The ubiquity of Christmas music has a lot to do with background buzz in bars, restaurants, supermarkets, doctors’ offices and the like, and the insistent drone of good will and good cheer can drag you down when you’re just trying to navigate the minefield of the average day. The best way to combat the phenomenon is to engage with Christmas music as an active participant, by putting yourself front-and-center as its eager and intended audience. And fortunately, after a few arid Decembers, this one’s got elbow-to-elbow yuletide tune-fests. Here are some notable entries.
The month begins, if not inevitably then certainly fittingly, with “A Very Countess Christmas” starring LuAnn de Lesseps. Lesseps was once an actual countess, thanks to a marriage to a French aristocrat, but more weightily, in twenty-first-century social currency, she’s also an O.G. reality TV star (“The Real Housewives of New York”). Cabaret artist is just one of the brands she’s brandished since, and what she seems fated to bring to Park West on December 3 and 4 is a brash, brassy, thoroughly unapologetic celebration of Christmas-enabled materialism. You already know if this one’s for you.
The flip side comes to Old Town School of Music’s Maurer Hall on December 4, when the acoustic folk act Over the Rhine, whose core comprises husband and wife Linford Detweiler and Karin Bergquist, takes the stage. The band has released three albums of Christmas music, some skewing a tad melancholy; but the duo’s incandescent musicality and transparent joy in performing keep their much-loved Christmas tours in demand.
There’s an elfin quality to jazz-pop singer (and former “American Idol” contestant) Kat Edmonson, which may be one reason she’s become identified with the season. The other, of course, is her intelligence, verve and impeccable musicality—and her voice, small and focused, and brimming with charm. Her annual bash, “Holiday Swingin’: A Kat Edmonson Christmas,” is on the bill at Evanston SPACE on December 6.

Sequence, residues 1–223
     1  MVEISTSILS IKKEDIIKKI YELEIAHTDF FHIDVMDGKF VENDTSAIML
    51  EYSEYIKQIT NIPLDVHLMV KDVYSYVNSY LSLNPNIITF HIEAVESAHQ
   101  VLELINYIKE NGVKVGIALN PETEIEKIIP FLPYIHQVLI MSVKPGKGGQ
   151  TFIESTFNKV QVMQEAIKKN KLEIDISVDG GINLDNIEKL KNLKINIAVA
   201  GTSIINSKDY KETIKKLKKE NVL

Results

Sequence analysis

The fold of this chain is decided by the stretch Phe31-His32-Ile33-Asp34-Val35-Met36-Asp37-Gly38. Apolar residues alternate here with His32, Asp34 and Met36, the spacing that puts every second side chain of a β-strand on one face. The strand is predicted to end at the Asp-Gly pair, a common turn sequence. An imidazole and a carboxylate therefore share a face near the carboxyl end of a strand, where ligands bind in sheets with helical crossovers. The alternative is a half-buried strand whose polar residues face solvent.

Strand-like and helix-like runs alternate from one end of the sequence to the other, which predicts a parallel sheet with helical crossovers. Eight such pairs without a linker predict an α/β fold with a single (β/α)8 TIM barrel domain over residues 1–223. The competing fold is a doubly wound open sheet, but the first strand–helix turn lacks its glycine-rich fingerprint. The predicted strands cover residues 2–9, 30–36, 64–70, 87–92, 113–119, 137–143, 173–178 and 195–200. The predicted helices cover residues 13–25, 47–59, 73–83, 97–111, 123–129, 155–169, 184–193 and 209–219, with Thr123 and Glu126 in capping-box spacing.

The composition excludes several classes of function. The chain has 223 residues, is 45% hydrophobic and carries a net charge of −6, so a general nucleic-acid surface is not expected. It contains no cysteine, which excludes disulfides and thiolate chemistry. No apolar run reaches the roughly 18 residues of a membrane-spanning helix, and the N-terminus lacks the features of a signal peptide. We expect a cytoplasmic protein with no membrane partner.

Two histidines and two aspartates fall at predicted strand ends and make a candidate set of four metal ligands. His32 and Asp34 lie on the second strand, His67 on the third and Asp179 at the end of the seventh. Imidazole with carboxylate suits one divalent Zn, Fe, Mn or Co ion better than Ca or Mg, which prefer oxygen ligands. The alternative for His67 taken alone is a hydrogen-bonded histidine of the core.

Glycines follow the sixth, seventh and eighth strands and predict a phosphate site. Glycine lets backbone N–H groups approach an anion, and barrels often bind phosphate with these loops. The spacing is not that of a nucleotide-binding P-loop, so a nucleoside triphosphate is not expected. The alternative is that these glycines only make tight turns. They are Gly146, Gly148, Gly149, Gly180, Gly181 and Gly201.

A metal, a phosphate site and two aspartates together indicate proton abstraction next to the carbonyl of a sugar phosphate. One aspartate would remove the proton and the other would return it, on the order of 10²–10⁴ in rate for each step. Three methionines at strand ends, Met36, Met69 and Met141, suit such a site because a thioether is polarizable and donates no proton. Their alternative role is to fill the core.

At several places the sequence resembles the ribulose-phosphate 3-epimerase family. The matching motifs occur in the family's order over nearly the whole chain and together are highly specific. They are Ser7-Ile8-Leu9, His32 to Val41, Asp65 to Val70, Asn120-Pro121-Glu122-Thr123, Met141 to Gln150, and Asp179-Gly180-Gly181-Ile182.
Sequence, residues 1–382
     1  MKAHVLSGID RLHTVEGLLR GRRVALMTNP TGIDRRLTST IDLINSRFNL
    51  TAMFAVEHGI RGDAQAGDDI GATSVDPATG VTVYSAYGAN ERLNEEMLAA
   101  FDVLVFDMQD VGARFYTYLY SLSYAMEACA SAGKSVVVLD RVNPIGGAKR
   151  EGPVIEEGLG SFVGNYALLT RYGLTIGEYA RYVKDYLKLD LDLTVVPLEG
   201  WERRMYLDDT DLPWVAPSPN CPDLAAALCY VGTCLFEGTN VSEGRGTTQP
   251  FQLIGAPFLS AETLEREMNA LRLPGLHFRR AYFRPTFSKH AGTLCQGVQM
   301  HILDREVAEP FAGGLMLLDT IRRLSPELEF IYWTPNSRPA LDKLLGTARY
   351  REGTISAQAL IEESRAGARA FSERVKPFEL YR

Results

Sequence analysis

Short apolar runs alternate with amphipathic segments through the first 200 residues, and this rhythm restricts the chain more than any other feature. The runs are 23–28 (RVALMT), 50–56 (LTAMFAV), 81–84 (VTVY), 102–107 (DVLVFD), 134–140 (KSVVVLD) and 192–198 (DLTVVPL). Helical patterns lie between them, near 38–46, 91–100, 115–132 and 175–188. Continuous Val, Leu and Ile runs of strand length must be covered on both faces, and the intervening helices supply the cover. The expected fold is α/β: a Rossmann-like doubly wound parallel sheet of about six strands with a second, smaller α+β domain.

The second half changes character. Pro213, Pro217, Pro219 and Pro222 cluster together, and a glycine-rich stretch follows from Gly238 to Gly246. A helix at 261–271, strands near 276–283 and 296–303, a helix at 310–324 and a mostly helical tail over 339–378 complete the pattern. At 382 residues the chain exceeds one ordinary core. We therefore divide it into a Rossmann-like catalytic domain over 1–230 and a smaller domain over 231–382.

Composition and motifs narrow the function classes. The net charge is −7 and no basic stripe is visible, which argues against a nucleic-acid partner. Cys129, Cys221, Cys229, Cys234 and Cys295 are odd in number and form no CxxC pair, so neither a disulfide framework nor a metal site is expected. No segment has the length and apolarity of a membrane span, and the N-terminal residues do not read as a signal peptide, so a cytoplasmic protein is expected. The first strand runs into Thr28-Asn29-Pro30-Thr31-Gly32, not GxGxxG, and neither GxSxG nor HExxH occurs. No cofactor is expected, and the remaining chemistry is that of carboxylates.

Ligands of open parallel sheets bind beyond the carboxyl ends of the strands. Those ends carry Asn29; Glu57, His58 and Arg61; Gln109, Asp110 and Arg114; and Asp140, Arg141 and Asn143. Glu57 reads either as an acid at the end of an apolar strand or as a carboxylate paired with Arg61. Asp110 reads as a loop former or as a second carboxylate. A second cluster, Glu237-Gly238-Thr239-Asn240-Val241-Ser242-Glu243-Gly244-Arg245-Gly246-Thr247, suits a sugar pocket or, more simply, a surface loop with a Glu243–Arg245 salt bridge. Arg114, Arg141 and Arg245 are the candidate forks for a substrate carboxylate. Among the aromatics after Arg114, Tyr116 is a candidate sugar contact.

For those who like their Christmas music with more edge—possibly a serrated one—Aragon Ballroom hosts a three-night “Twisted Christmas” series, beginning December 6 with Portgual. The Man, electronic duo Bob Moses and Chicago’s own Beach Bunny. On December 8, headliner Jack White is joined by Wet Leg and grunge outfit Starcrawler. Then on December 9, The 1975 brings it home.
Far more traditionally—even, at this point, institutionally—the Blind Boys of Alabama bring their well-traveled Christmas show to City Winery on December 7. The venerable gospel quintet has been around since the 1930s—though its membership has, of course, undergone a few turnovers. What hasn’t changed is the group’s muscular vocals, lustrous harmonies and dazzling rhythmic vocabulary. Pretty much every one of their gigs feels like Christmas, so this one should pretty much tear the joint down.
Singer-songwriter Andrew Bird continues the tradition he began in 2009 of offering yuletide shows at Fourth Presbyterian Church on North Michigan Avenue; this year’s dates are December 8-9 and 12-16. Bird calls the annual series, “Gezelligheid,” a Dutch term that loosely translates to “coziness,” and as we noted in these pages two years ago, “The warmth and intimacy of Bird’s sophisticated, often confessional folk-pop seems paradoxically at home in the church’s cathedral-like interior.”